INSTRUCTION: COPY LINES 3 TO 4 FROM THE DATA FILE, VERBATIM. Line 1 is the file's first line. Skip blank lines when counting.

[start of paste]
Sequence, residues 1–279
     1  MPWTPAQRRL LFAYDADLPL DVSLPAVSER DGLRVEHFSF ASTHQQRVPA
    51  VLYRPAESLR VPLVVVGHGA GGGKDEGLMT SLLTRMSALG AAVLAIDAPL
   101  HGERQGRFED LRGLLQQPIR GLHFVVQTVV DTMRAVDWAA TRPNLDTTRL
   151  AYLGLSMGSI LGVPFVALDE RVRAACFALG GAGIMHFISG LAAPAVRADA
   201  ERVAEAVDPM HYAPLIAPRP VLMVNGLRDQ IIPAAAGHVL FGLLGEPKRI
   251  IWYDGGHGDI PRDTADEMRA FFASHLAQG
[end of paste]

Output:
    51  VLYRPAESLR VPLVVVGHGA GGGKDEGLMT SLLTRMSALG AAVLAIDAPL
   101  HGERQGRFED LRGLLQQPIR GLHFVVQTVV DTMRAVDWAA TRPNLDTTRL